Sir James George Frazer > The Golden Bough > Page 510
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Sir James George Frazer (1854–1941).  The Golden Bough.  1922.

Page 510
 
of his last meal amid the general emotion of the spectators, the old women weeping afresh and the men uttering stifled cries, he is strapped, not without difficulty and danger, and being let out of the cage is led on leash or dragged, according to the state of his temper, thrice round his cage, then round his master’s house, and lastly round the house of the orator. Thereupon he is tied up to a tree, which is decked with sacred whittled sticks (inao) of the usual sort; and the orator again addresses him in a long harangue, which sometimes lasts till the day is beginning to break. “Remember,” he cries, “remember! I remind you of your whole life and of the services we have rendered you. It is now for you to do your duty. Do not forget what I have asked of you. You will tell the gods to give us riches, that our hunters may return from the forest laden with rare furs and animals good to eat; that our fishers may find troops of seals on the shore and in the sea, and that their nets may crack under the weight of the fish. We have no hope but in you. The evil spirits laugh at us, and too often they are unfavourable and malignant to us, but they will bow before you. We have given you food and joy and health; now we kill you in order that you may in return send riches to us and to our children.” To this discourse the bear, more and more surly and agitated, listens without conviction; round and round the tree he paces and howls lamentably, till, just as the first beams of the rising sun light up the scene, an archer speeds an arrow to his heart. No sooner has he done so, than the marksman throws away his bow and flings himself on the ground, and the old men and women do the same, weeping and sobbing. Then they offer the dead beast a repast of rice and wild potatoes, and having spoken to him in terms of pity and thanked him for what he has done and suffered, they cut off his head and paws and keep them as sacred things. A banquet on the flesh and blood of the bear follows. Women were formerly excluded from it, but now they share with the men. The blood is drunk warm by all present; the flesh is boiled, custom forbids it to be roasted. And as the relics of the bear may not enter the house by the door, and Aino houses in Saghalien have no windows, a man gets up on the roof and lets the flesh, the head, and the skin down through the smoke-hole. Rice and wild potatoes are then offered to the head, and a pipe, tobacco, and matches are considerately placed beside it. Custom requires that the guests should eat up the whole animal before they depart; the use of salt and pepper at the meal is forbidden; and no morsel of the flesh may be given to the dogs. When the banquet is over, the head is carried away into the depth of the forest and deposited on a heap of bears’ skulls, the bleached and mouldering relics of similar festivals in the past.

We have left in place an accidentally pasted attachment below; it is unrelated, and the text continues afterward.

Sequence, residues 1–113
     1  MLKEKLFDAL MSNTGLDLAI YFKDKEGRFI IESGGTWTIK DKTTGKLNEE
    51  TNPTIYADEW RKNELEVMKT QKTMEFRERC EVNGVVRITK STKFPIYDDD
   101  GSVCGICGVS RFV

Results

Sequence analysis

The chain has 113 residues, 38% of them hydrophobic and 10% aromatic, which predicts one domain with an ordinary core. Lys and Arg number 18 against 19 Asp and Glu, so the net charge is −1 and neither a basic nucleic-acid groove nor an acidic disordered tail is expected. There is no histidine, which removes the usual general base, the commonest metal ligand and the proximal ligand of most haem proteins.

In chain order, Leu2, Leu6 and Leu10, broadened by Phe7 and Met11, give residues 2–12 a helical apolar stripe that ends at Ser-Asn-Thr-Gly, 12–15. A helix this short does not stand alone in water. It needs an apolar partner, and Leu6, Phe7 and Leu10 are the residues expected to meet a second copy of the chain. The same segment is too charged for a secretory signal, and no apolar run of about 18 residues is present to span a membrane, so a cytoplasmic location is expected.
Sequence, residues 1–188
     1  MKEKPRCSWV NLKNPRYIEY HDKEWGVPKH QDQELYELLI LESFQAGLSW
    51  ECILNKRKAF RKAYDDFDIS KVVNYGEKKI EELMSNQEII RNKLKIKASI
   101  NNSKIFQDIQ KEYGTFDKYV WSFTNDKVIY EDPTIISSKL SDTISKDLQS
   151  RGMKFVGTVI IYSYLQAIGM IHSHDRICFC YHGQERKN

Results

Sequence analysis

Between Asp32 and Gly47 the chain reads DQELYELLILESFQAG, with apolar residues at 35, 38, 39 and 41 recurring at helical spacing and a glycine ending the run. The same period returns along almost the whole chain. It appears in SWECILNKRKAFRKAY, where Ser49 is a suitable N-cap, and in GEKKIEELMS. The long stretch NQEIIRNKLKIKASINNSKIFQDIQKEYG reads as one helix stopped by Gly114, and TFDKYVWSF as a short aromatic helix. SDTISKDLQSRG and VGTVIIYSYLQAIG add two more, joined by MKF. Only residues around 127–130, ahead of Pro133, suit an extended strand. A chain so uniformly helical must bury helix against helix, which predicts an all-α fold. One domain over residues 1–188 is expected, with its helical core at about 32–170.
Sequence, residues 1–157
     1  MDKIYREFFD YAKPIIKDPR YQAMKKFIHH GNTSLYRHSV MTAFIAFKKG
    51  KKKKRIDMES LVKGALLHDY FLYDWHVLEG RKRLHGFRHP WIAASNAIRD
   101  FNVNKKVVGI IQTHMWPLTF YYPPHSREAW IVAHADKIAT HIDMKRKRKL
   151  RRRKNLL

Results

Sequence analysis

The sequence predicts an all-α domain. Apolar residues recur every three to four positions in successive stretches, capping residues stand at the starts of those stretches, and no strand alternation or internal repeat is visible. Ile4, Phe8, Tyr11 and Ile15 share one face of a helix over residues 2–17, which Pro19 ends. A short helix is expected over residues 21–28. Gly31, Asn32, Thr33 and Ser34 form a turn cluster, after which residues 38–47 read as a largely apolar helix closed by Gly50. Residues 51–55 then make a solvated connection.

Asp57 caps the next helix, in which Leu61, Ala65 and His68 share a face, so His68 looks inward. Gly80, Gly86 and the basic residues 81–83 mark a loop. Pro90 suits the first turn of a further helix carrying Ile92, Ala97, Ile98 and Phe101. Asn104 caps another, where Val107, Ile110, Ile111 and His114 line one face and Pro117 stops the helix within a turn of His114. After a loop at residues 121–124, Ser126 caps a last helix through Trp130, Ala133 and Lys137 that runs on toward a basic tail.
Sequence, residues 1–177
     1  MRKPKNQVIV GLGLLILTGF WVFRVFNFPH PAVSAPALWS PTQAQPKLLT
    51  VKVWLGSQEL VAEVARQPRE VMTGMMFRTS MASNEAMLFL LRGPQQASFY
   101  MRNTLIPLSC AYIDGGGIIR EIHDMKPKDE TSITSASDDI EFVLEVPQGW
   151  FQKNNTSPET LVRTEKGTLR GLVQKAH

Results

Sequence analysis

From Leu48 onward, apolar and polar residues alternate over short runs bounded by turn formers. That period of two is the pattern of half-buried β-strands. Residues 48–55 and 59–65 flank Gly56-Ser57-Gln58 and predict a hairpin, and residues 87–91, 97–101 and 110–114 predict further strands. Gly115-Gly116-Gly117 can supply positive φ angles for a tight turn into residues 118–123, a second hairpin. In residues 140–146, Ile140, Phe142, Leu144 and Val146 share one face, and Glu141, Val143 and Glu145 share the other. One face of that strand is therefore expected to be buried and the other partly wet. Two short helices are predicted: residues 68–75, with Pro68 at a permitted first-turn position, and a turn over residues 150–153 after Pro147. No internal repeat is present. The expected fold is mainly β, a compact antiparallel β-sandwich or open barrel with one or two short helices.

The Gilyaks, a Tunguzian people of Eastern Siberia, hold a bear-festival of the same sort once a year in January. “The bear is the object of the most refined solicitude of an entire village and plays the chief part in their religious ceremonies.” An old she-bear is shot and her cub is reared, but not suckled, in the village. When the

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